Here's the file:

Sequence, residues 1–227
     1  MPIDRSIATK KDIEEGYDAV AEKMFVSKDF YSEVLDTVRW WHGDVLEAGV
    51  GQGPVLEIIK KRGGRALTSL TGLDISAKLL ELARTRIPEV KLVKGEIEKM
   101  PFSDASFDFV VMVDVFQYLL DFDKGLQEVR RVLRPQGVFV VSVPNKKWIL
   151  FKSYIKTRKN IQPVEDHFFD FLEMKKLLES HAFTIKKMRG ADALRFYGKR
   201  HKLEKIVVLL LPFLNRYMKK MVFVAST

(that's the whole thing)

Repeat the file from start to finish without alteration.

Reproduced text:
Sequence, residues 1–227
     1  MPIDRSIATK KDIEEGYDAV AEKMFVSKDF YSEVLDTVRW WHGDVLEAGV
    51  GQGPVLEIIK KRGGRALTSL TGLDISAKLL ELARTRIPEV KLVKGEIEKM
   101  PFSDASFDFV VMVDVFQYLL DFDKGLQEVR RVLRPQGVFV VSVPNKKWIL
   151  FKSYIKTRKN IQPVEDHFFD FLEMKKLLES HAFTIKKMRG ADALRFYGKR
   201  HKLEKIVVLL LPFLNRYMKK MVFVAST